Museveni says it’s only him fighting poverty, that’s why he must stay longer: But Uganda is in food crisis

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Uganda President Yoweri Museveni says there is nothing keeping him in power other than a battle against poverty and a quest for the welfare of his people.

“There is nothing big I am looking for in leadership” the 30-year ruler said, adding that “I only want to see people getting out of poverty and able to take their children to school and have enough food to sustain their families,”

Museveni who came into office in 1986 through a guerrilla war won another five years term of office through highly disputed polls in February 2016.

The 72-year-old leader said he has fought a lone battle to improve the welfare of Ugandans as technocrats and politicians who would have helped him are engaged in self seeking and fighting him.

“If some other leaders had come out to join me in fighting poverty, this country would be very far. But I am alone…” Museveni told journalists during a visit to a rural community in western district of Rukungiri.

“Everyone else is silent, they are concentrating on other issues and some are fighting me,” he added.

Although government figures indicate that poverty has fallen below 30% in the last 20 years, unemployment, urban poverty and low agriculture productivity has risen due to dependency on weather and use of rudimentary farming tools.

A hungry nation?

Local media has previously reported that 45 districts across the country are facing a food crisis and a disaster for the whole country is looming should September to December planting season fail.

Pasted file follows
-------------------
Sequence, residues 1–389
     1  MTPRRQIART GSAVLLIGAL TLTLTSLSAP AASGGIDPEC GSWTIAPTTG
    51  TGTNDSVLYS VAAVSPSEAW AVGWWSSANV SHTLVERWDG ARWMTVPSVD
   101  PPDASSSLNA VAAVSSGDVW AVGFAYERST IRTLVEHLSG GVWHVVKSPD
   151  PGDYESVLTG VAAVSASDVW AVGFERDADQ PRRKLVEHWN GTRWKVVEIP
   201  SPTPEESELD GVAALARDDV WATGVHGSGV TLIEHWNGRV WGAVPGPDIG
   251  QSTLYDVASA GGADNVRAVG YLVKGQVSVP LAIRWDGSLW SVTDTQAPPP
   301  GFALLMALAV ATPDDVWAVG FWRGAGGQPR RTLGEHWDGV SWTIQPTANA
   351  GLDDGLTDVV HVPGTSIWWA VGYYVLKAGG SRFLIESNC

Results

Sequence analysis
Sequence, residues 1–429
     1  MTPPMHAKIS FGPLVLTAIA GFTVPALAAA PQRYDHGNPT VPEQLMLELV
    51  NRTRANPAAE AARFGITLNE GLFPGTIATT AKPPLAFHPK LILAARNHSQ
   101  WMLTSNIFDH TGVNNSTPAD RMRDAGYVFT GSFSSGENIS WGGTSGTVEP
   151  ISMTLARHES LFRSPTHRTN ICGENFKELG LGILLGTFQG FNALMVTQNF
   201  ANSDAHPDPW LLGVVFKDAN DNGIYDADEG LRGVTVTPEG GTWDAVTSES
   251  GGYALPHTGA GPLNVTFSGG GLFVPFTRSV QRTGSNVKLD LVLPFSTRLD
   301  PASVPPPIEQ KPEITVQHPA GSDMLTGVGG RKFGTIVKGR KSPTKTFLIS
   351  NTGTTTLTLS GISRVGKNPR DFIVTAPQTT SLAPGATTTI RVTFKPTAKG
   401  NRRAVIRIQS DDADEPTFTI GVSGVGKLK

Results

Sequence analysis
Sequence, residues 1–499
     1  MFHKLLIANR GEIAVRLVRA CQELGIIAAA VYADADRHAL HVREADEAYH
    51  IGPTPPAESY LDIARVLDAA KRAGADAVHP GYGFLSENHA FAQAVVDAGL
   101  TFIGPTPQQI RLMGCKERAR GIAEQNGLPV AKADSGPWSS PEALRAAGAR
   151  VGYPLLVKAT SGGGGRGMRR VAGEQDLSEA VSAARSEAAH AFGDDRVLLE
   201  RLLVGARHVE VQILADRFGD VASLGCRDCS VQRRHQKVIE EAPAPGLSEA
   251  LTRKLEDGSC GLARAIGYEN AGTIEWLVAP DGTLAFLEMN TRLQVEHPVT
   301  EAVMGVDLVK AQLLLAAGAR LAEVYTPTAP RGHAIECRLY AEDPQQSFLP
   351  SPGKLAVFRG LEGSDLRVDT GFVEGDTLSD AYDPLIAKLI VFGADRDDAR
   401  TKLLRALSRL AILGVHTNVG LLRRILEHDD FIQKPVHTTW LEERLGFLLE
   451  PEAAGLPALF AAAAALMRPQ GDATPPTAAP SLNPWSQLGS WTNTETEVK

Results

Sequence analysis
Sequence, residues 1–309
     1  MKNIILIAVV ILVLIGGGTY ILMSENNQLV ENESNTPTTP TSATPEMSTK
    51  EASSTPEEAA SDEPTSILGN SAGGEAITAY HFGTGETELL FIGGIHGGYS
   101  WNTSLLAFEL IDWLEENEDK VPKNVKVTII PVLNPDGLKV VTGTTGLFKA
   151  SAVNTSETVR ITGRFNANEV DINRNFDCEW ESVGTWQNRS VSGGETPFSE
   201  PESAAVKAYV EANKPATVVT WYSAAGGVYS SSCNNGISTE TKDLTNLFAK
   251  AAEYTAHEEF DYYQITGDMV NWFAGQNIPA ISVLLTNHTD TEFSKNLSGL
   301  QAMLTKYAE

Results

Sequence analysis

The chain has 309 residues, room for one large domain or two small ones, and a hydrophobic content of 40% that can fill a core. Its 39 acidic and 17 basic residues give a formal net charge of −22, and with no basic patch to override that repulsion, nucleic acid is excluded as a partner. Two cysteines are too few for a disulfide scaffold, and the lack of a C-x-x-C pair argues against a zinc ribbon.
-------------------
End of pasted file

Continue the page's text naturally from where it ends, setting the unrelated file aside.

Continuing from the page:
Already, 1.3 million people are reported to be in urgent need of food aid. Residents of the western district of Isingiro according to the Daily Monitor newspaper are starving to death in a hunger crisis attributed to drought.

The nation’s northeastern Karamoja region is the worst hit with two in three people having access to only half a meal or less per day, Christopher Kibazanga, minister of state for agriculture, said in an e-mailed statement from the capital, Kampala.

The current dry spell ravaging the country is blamed on climate change brought about by among others things; deforestation, wetland degradation and burning of fossils into the atmosphere which warms the earth, according to environmentalists.

As a result of this changing climate, most farmers across the country have registered massive crop failures in the two rainy seasons that Uganda experiences between March till May and September to December with long dry spells scorching away crops and creating water and pasture scarcity which has resulted into livestock death.